HERSH GUDELMAN (HARRY J. GOODELMAN) (May 20, 1892-1967)
He was born in Otik (Ataki), Bessarabia. He studied in religious elementary school, later with his father, the Yiddish writer Yoysef Gudelman who ran a Russian school in the town. He later graduated from the state school in his town. In 1905, together with two of his brothers, he emigrated to the United States, and in 1912 he worked as a packer in a clothing factory. From 1929 he was employed as an apartment painter. He began to write—poetry and prose—in 1907. The first years he published mostly in Fraye arbeter shtime (Free voice of labor). He later placed pieces in: Forverts (Forward), Varhayt (Truth), Naye varhayt (New truth), Dos naye land (The new land), Kibetser (Joker), Literarishe velt (Literary world), Gerekhtikeyt (Justice), Milers vokhnblat (Miller’s weekly newspaper), Tsayt (Time), Haynt (Today), Keneder id (Canadian Jew), Kundes (Prankster), Der gazlen (The thief), Teater-shtern (Theater star), Teater-shpigl (Theater mirror), and others. He served as editor of: Poezye (Poetry), monthly journal of modern poetry and criticism (New York, 1919-1920); Di berg shtime (The voice of the mountain) (Liberty, 1924); Teater shtern, biweekly magazine (New York, 1926); Unzer tsaytung (Our newspaper) (Brooklyn, 1928). He was the author of the following comedies: Di mizinke (The youngest daughter), staged in New York in 1910, and Tserunene khaloymes (Disappearing dreams). Among his books: Minutn (Minutes), modern poetry with additions by Arn Gudelman (New York, 1923), 105 pp. He translated a volume of poems by the Japanese poet Isamu Noguchi. He also published under the pseudonyms: Khokhem Atik, Hershele Dubrovner, Namledug, Ish Godl, Pauline Brandrat, Roze Barkin, A Besaraber, and others. He died in New York.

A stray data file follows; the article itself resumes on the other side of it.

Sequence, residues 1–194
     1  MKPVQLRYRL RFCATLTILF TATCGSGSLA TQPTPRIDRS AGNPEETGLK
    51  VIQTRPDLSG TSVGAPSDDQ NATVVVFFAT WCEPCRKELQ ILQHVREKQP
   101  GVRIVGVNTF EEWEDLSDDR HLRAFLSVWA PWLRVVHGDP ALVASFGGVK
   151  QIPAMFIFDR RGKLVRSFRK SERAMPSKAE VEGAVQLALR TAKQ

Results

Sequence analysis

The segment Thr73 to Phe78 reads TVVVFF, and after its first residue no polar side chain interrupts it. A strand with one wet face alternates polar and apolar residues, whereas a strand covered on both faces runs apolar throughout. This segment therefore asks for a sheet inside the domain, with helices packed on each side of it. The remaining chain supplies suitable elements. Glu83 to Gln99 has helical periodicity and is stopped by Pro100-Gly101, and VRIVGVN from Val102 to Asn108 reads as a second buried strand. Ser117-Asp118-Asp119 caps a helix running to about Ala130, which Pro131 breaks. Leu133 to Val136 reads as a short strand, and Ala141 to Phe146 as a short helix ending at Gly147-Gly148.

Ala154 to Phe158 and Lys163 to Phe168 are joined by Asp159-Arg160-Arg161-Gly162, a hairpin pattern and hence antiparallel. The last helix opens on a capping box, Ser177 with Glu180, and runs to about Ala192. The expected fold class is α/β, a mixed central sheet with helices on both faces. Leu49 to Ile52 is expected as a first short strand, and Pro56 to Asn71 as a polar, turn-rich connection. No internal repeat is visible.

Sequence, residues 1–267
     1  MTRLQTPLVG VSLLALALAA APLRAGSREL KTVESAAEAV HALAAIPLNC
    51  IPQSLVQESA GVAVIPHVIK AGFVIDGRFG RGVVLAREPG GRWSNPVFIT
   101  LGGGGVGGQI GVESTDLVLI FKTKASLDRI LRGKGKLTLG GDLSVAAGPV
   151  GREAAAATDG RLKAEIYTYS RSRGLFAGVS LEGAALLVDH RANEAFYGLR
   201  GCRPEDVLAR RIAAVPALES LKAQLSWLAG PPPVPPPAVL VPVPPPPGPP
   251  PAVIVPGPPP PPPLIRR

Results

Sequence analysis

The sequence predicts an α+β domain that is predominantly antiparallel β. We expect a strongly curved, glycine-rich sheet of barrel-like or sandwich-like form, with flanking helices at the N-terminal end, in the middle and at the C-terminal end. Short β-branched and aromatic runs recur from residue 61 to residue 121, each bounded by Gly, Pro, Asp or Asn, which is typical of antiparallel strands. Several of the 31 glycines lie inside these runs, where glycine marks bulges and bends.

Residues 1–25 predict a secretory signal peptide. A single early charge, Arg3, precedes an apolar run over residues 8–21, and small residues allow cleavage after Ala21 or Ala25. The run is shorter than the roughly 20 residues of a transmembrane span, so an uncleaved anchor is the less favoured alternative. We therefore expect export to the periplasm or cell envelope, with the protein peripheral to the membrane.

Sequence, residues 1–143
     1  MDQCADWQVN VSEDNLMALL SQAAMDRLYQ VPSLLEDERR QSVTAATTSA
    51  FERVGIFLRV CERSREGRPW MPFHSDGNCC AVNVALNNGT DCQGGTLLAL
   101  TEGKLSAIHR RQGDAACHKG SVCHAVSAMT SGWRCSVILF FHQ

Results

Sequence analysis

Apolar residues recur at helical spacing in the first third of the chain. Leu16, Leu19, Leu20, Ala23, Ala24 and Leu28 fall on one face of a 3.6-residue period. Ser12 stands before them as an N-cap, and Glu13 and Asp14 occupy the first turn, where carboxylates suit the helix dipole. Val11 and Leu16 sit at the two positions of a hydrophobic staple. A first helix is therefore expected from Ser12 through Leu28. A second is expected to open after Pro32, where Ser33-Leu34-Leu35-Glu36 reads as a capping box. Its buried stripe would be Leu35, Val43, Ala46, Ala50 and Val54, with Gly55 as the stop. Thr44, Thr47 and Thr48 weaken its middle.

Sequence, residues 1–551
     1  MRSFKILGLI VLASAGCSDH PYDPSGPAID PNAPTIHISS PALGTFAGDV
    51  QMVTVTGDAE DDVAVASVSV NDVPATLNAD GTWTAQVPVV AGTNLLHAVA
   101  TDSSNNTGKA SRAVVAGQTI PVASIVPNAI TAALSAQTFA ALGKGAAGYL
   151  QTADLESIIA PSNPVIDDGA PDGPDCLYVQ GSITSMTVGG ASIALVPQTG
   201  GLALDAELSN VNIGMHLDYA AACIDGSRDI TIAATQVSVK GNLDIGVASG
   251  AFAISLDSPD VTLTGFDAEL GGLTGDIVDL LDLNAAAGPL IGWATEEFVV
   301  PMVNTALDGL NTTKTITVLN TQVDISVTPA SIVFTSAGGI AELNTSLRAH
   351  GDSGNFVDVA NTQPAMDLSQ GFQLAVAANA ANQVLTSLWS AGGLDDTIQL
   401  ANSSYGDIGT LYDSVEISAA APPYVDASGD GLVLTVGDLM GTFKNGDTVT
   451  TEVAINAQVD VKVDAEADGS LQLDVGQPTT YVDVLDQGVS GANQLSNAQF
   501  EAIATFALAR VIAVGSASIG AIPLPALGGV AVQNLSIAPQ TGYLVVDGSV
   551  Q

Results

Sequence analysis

Sources: Zalmen Reyzen, Leksikon, vol. 1; Z. Zilbertsvayg, Leksikon fun yidishn teater (Handbook of the Yiddish theater), vol. 1; A. Leyeles, in Inzikh (New York) (April 1940).